In order to figure out how well SAR models projected "future" temperature trends, the MIT researchers compare the model projections made back in 1995 to the observed global warming temperature trends between 1990 and 2018. They find that multi-model mean of the models "accurately reproduces the observed global-mean warming over a 1920-1990 hindcast period and accurately projects the observed global-mean warming over the 1990-2018 nowcast period." On that basis they boldly conclude, "Climate change mitigation has now been delayed long enough for the first projections of anthropogenic global warming to be borne out in observations, dismissing claims that models are too inaccurate to be useful and reinforcing calls for climate action." They do dryly observe that whether increasingly complicated modern models will prove to be more accurate "is yet to be determined." As we shall see below this may be a live issue with the set of models being used for the IPCC's Sixth Assessment Report in 2021.

While past performance is no guarantee of future results, at least with respect to projecting global average temperature trends, these historical climate models appear to have met the confidence building tests of empirical accuracy, robustness, and background knowledge coherence. In other words, they have proven useful.

The Cloud Wildcard

About 30 percent of incoming sunlight is reflected back into space with bright clouds being responsible for somewhere around two-thirds of that albedo effect. In other words, clouds generally tend to cool the earth. However, high thin cirrus clouds don't reflect much sunlight but they do slow the emission of heat back into space, thus they tend to warm the planet. In the current climate, clouds reflect more sunlight than they absorb and re-emit as heat downward toward the surface, so that on balance the earth is cooler because it has clouds than it would be than if it had no clouds.

In his 2018 lecture " The Role of Clouds in Climate ," NASA Goddard Institute for Space Science atmospheric scientist Anthony Del Genio notes, "It has often simplistically been assumed that clouds will offset greenhouse gas-induced climate change, based on the logic that warming evaporates more water from the ocean, which causes more clouds to form, which increases the albedo, which offsets the warming." However, most computer climate models project total cloud climate feedbacks ranging from near-neutral to strongly positive. What's going on?

How clouds will react to warming is one of the largest feedback uncertainties with respect to future climate change. The processes that form clouds are below the spatial resolution of climate models so researchers make estimates of how much sunlight they reflect and how much they absorb and then input those values into the models. The balance between cloud reflection and absorption matters a lot.

Researchers at the Pacific Northwest National Laboratory for example in a 2004 Journal of Applied Meteorology article noted that "a 4% increase in the area of the globe covered by marine stratocumulus clouds would offset the predicted 2–3 [degree C] rise in global temperature due to a doubling of atmospheric carbon dioxide." Marine stratocumulus clouds commonly form over cold ocean waters off the west coasts of continents . They are generally thin low clouds and cover more of the Earth's surface than any other cloud type making them extremely important for Earth's energy balance, primarily through their reflection of solar radiation.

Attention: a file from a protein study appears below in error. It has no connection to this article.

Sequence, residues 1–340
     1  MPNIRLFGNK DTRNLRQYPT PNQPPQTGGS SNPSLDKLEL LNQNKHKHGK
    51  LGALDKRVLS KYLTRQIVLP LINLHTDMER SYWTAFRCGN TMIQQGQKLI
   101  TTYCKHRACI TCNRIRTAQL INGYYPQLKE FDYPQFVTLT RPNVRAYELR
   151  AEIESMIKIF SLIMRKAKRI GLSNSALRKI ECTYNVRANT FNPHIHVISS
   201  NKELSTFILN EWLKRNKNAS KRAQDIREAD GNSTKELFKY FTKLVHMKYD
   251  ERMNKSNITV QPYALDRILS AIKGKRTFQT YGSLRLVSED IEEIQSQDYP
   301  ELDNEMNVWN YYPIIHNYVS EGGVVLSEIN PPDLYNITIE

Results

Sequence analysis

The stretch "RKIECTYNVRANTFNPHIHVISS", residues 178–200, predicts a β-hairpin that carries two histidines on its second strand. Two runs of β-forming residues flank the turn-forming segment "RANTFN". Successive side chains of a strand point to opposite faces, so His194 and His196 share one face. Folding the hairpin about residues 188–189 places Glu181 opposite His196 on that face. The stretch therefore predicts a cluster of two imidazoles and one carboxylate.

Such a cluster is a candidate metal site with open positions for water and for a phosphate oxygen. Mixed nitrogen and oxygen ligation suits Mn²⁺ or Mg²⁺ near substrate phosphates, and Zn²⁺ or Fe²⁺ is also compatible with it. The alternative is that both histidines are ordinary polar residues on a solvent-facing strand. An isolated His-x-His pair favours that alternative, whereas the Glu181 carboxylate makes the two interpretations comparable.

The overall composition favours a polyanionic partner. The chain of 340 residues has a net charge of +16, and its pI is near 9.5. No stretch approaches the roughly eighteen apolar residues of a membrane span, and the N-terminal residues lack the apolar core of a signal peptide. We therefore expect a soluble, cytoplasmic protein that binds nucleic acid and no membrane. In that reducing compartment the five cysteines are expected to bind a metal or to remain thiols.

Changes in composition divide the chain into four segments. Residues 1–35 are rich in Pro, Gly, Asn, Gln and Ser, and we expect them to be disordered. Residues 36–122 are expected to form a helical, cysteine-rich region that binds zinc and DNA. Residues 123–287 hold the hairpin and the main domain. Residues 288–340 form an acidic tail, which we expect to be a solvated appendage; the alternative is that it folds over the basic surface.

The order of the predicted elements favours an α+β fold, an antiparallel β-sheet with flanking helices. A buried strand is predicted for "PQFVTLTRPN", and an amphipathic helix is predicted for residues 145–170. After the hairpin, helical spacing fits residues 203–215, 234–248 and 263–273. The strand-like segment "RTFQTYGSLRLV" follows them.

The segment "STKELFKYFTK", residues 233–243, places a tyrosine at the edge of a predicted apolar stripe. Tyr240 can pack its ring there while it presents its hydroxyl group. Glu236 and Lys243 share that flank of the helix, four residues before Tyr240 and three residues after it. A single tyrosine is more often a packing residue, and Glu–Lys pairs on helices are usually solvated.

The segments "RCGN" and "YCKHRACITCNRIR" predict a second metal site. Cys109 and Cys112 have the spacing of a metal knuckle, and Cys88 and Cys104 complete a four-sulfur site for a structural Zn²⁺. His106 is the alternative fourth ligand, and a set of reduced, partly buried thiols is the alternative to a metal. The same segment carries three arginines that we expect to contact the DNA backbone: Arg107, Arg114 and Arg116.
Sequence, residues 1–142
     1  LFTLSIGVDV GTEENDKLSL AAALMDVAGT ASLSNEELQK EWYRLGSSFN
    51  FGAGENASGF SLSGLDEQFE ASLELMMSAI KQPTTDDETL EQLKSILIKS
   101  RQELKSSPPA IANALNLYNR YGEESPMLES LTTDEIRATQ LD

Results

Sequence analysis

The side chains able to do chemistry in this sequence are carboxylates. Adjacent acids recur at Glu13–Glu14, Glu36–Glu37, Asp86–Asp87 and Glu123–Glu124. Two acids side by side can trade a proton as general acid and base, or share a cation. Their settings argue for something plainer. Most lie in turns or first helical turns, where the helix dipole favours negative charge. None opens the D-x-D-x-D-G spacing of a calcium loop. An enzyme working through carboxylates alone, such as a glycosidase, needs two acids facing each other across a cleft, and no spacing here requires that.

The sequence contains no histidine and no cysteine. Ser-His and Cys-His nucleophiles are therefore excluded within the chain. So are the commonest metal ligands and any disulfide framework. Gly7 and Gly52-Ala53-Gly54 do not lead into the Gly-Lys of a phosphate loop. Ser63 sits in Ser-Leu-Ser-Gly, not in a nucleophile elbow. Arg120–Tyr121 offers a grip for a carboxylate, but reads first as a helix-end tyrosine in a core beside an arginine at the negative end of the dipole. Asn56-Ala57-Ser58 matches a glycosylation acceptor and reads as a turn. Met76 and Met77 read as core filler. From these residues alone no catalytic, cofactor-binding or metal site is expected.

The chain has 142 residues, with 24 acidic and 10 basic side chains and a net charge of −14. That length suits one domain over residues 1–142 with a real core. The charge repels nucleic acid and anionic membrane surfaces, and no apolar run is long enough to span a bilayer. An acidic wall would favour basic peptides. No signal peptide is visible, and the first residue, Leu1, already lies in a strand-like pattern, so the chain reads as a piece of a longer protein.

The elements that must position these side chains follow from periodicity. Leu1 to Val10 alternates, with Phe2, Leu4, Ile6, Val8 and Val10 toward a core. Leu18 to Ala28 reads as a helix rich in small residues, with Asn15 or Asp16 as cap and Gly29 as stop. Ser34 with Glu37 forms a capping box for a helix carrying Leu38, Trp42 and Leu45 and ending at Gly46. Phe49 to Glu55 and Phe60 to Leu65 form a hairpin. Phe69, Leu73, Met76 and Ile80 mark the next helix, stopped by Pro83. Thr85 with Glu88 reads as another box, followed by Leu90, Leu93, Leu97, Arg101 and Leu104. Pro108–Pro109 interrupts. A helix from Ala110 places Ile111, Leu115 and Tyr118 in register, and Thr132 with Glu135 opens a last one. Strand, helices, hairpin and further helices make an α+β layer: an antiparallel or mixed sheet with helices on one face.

On the other hand, wispy cirrus clouds that occur up to 20 kilometers above the surface let sunlight through but absorb and reflect infrared back downward to heat the surface. In 2001, MIT climatologist Richard Lindzen and his colleagues pointed to evidence in a Bulletin of the American Meteorological Society that cirrus clouds over the tropics tended to dissipate as temperatures increased. Such a process would serve as a negative feedback that, according to Lindzen and his colleagues, "would more than cancel all the positive feedbacks in the more sensitive current climate models." They likened this process to " an adaptive infrared iris that opens and closes in order to control the Outgoing Longwave Radiation in response to changes in surface temperature in a manner similar to the way in which an eye's iris opens and closes in response to changing light levels."

On the other hand, newer research suggests that rising temperatures will tend to dissipate low marine stratocumulus clouds which would generate a positive feedback that increases warming. In addition, changes in where clouds are located have big feedback effects. Climate models predict and preliminary satellite data finds that mid-latitude storm tracks (and their clouds) are retreating poleward, subtropical dry zones (deserts) are expanding, and the height to the highest cloud tops are rising. All three processes tend to increase global warming. "The primary drivers of these cloud changes appear to be increasing greenhouse gas concentrations and a recovery from volcanic radiative cooling," conclude Scripps Institution of Oceanography climatologist Joel Norris and his colleagues. "These results indicate that the cloud changes most consistently predicted by global climate models are currently occurring in nature."